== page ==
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County seeks bids on health building

Staff writer

Even though they’re not certain where the building should be nor what it should contain, county commissioners voted 3-1 Tuesday to seek an architect to design a new health department building.

Phase 1 of the project will be to help answer those questions.

“This is just the beginning — the first step,” vice chairman Dave Crofoot said, filling in for absent chairman David Mueller.

The request for architectural bids lists no specific site, but one would have to be provided before detail work in subsequent phases of the contract could begin, county clerk Tina Spencer said.

Commissioner Kent Becker asked to remove references to constructing a new building.

“What if we decide to renovate another building?” he said. “I just thought if you took the ‘new’ out it could go either direction.

“What if we approve this and we get some plans and we go, ‘oh, no.’ I just think that the word ‘new’ needs to come out. If it doesn’t work, are you going to have to do a new RFP? That’s a lot of cost.”

Fellow commissioners apparently disagreed.

Although there was talk that the request for proposals include evaluation of multiple possible sites and multiple possible configurations, commissioners ultimately decided that altering the request for proposals would increase the cost of the contract.

“If they’re going to be evaluating multiple sites, then this RFP isn’t the right way to go,” Spencer said. “The one that I drafted was based on the instructions that I was given on this one lot.”

Discussion has focused on a parcel at 1220 E. Main St. in Marion that the county purchased for $1 from Marion Advancement Campaign.

The site formerly housed the county food bank and before that a service station. Existing buildings would be demolished.

The site was selected last month as the first site to examine, but the vote was 3-2, with Becker and fellow Hillsboro-area commissioner Jonah Gehring opposed.

Commissioner Randy Dallke initially questioned Tuesday whether the request for architectural proposals meant that the site had been selected.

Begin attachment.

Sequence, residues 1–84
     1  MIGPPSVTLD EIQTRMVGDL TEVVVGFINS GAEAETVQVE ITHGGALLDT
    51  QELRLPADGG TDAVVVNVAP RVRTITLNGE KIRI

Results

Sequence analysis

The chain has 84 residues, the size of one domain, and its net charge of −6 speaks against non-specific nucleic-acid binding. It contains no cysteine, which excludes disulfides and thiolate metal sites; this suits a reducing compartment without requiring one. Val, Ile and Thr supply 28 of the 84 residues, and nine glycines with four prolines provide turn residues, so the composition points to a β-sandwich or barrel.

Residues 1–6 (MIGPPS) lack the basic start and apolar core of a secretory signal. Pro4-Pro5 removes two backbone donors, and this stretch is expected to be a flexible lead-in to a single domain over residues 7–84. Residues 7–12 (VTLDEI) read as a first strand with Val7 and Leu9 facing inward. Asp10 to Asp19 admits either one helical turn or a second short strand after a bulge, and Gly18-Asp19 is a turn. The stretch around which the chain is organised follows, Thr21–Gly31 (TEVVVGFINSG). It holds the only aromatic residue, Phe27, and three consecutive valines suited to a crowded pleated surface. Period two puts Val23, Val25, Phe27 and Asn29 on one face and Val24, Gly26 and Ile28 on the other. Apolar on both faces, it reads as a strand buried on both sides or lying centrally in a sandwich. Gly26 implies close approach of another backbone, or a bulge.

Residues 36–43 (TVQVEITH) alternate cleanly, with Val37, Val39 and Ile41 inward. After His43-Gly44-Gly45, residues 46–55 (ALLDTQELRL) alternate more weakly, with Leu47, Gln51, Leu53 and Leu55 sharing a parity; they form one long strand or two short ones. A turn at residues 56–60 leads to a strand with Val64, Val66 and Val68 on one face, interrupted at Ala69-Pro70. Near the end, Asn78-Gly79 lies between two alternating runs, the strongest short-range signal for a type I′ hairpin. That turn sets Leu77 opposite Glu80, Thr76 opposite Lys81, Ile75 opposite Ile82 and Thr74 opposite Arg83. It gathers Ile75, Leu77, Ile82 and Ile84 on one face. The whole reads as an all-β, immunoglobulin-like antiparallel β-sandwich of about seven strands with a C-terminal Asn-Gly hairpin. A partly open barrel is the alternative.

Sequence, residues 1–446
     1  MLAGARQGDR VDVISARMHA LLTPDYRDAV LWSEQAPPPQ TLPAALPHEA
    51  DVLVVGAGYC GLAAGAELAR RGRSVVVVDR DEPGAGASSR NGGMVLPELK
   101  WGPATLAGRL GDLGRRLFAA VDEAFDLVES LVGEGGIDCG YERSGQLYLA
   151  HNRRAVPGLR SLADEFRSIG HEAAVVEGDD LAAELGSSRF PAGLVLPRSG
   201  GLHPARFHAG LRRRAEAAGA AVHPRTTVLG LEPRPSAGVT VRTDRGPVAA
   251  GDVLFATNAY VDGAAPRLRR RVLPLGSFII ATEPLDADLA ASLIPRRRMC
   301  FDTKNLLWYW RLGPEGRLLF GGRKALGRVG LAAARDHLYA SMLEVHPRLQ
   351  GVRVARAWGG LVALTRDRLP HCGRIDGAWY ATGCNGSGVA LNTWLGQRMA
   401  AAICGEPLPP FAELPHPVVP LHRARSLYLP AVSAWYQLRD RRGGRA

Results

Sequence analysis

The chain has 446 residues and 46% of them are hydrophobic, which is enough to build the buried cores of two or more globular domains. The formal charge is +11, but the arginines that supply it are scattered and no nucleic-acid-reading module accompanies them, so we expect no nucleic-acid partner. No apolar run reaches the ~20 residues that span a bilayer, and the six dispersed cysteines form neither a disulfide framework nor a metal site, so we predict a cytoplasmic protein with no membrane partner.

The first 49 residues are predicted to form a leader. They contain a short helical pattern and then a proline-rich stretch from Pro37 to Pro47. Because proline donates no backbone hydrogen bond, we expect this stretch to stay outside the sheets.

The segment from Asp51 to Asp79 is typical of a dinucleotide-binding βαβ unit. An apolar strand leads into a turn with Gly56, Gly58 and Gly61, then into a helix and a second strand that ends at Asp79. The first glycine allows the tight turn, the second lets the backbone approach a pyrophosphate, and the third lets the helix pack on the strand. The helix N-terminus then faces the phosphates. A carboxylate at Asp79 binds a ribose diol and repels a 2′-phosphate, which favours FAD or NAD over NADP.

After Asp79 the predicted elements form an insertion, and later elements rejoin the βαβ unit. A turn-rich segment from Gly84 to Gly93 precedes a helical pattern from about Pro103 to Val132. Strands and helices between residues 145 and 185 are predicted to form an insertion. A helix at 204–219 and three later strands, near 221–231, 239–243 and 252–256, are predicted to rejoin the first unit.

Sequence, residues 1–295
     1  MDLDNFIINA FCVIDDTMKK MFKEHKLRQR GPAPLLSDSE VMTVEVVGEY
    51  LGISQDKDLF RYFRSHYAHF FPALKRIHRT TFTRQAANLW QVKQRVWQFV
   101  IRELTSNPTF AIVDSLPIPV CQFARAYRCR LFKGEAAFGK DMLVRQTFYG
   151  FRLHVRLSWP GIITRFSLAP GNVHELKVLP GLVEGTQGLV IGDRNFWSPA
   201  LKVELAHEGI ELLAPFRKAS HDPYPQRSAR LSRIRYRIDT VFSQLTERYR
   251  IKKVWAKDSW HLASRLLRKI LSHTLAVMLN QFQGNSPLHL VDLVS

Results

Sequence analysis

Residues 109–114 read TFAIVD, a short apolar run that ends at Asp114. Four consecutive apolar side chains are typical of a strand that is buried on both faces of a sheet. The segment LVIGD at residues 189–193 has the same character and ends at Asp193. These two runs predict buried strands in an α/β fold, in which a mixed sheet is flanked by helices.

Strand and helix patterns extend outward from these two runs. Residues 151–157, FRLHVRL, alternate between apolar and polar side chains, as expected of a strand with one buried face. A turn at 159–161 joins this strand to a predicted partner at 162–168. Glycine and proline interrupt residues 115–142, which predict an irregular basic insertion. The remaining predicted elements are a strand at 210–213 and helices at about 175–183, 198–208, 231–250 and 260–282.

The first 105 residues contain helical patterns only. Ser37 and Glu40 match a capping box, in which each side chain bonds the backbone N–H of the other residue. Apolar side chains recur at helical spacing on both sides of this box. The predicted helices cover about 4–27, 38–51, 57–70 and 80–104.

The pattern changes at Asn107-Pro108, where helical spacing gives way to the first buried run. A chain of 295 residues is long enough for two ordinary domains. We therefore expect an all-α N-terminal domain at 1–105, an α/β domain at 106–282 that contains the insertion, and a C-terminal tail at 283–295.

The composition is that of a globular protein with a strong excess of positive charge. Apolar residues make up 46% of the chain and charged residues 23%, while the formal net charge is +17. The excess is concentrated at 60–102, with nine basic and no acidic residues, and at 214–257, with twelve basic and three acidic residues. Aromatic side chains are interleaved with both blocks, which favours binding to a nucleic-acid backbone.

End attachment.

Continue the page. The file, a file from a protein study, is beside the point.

After being told Phase 1 of the proposal essentially was for a feasibility study for that site, with the same architect later continuing on to do whatever was desired at whatever location was selected, he relented.

“This is just to open the door,” he said. “I think it’s good to just start it like this.”

The request asks for evaluation of specifics features that might be wished for in a health department building, among them:

  • A covered entrance and covered drive-through.
  • Two examination rooms.
  • Seven to eight offices.
  • A reception area and waiting room.
  • A break room with kitchenette.
  • Two to three restrooms.
  • A lactation room.
  • A conference room.
  • Laboratory and storage space.
  • A two-car garage.

As a precursor to drafting actual plans, the architectural firm winning the bid would evaluate the needs and seek cost savings.

“Not every single position over there needs their own specific office,” Spencer said. “They can determine which offices need to be separate and which could be shared space.”

Crofoot put it more succinctly.

“We have this piece of land and we want to see whether it works,” he said.

Proposals will be due July 26 and acted upon Aug. 7. The proposal calls for the assessment phase to be completed Sept. 22, conceptual drawings to be done by Oct. 27, and detailed plans to be presented by Dec. 29.

Last modified June 22, 2023

 

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